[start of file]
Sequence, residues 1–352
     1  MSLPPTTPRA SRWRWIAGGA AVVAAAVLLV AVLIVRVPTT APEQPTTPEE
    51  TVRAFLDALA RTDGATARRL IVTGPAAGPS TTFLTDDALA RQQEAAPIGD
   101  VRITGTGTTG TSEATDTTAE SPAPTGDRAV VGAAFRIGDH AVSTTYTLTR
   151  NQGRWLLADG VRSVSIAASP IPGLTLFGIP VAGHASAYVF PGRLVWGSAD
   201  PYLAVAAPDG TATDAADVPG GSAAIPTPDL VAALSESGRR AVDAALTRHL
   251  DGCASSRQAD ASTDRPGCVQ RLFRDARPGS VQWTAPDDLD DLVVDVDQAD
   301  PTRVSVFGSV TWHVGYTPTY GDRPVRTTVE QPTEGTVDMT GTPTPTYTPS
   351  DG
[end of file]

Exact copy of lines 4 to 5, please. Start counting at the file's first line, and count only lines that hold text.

   101  VRITGTGTTG TSEATDTTAE SPAPTGDRAV VGAAFRIGDH AVSTTYTLTR
   151  NQGRWLLADG VRSVSIAASP IPGLTLFGIP VAGHASAYVF PGRLVWGSAD